By 4 p.m., police had gone into the building, detained the women, cited them, and then released them outside of the house. Police also removed their property from the house and returned it to the women.

Specifically, the two women are upset that Breed has not implemented an ordinance passed by the San Francisco Board of Supervisors requiring that the city's roughly 8,000 homeless people be provided with hotel rooms during the coronavirus outbreak.

The ordinance, passed April 14, required that 8,250 rooms be leased by April 26.

For her part, Breed has asserted that leasing these rooms to the homeless would be a logistical nightmare — providing adequate emergency staff to these hotel rooms would be very difficult, she claims.

The occupation is not the first protest of Breed's response to the ordinance — Thursday night a "die-in" was held outside her home.

The women posted banners at the Castro neighborhood home they are occupying that read "End Homelessness Reclaim San Francisco" and "Housing for All."

"It's outrageous that while houses sit empty, we're unable to safely shelter in place," Gonzalez said in a news release.

The women told a reporter with local news outlet KQED that the house has been vacant for four years. A Reclaim SF news release states that it is "investment property."

A property search on the San Francisco county assessor's website reveals that the home is owned by a trust, but it is unclear who is involved in that.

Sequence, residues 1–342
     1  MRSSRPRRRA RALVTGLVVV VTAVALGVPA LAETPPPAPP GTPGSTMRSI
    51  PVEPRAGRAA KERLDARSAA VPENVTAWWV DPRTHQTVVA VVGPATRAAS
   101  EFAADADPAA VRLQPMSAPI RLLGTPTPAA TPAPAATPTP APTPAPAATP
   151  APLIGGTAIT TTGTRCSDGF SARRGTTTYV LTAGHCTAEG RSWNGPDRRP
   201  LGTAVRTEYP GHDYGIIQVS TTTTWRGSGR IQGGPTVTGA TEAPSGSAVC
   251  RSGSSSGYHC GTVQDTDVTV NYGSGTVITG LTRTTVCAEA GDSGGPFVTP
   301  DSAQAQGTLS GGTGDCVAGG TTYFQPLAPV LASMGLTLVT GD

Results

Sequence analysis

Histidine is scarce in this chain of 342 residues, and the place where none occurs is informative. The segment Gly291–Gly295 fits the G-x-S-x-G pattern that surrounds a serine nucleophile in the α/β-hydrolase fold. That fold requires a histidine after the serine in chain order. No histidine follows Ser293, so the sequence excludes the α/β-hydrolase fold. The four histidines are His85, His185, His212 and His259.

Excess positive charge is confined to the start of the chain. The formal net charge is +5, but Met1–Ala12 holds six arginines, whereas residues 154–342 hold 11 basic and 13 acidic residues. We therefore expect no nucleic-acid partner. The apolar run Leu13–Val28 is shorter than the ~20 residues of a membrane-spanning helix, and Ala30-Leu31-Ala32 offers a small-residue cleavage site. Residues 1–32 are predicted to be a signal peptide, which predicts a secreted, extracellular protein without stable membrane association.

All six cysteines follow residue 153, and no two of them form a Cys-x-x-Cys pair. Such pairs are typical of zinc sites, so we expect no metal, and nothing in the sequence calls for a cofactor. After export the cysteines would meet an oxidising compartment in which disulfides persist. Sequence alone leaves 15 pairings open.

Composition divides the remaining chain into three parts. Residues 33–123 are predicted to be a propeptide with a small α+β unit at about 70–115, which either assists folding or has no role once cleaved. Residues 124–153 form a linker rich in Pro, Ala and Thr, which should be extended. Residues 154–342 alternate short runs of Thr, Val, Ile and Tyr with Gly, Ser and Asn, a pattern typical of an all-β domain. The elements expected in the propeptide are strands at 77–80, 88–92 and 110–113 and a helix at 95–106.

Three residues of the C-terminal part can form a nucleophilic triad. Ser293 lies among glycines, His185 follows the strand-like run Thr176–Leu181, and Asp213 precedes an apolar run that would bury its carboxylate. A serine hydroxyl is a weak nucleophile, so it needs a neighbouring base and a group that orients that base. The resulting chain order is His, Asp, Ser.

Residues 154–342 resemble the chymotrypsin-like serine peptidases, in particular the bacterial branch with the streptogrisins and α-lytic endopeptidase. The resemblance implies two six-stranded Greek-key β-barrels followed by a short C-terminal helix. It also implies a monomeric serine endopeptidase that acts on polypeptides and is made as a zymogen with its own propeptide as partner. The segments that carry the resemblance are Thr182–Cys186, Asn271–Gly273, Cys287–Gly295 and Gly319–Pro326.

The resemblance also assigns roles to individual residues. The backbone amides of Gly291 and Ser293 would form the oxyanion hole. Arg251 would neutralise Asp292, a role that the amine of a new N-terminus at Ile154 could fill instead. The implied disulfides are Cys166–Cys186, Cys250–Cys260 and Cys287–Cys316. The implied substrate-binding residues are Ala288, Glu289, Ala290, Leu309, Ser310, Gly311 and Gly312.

Watts told the B.A.R. by phone at 2 p.m. May 1 (several hours after the occupation began) that police were on-site and may forcibly remove the two women from the house.

"There's police outside the house," Watts said. "We certainly weren't expecting to be forcibly removed from the property today. It's certainly not good of the city to be doing this during the shelter-in-place order. We are surprised at the level of police presence."

Orona has been homeless for 10 years since she was disabled after being injured as a firefighter. She is known as the "street medic" because she gives medical care for homeless people, according to a Reclaim SF news release.

Gonzalez was evicted a year ago after her landlord would no longer allow her to have a service dog with her, according to the release.

When asked for comment May 1, Breed's office issued a statement defending the mayor's record on housing homeless people during the pandemic.

"In terms of our total homeless population, San Francisco has done more than any city in the country to move people into hotels, RVs, and other alternative housing sites," Breed press director Andy Lynch stated in an email to the B.A.R. "We have over 1,000 people right now who are in hotel rooms that we have secured, opened, and properly staffed to help ensure the safety of both the residents and the people working at these sites. We've secured over 2,700 rooms in total, and just this week we opened another four hotels with 294 rooms. We're continuing to move more people into these sites every day as we respond to this pandemic."

Updated, 5/1/20: This article has been updated with police activity and additional comments.

Editor's note: If you liked this article, help out our freelancers and staff, and keep the B.A.R. going in these tough times. For info, visit our IndieGoGo campaign.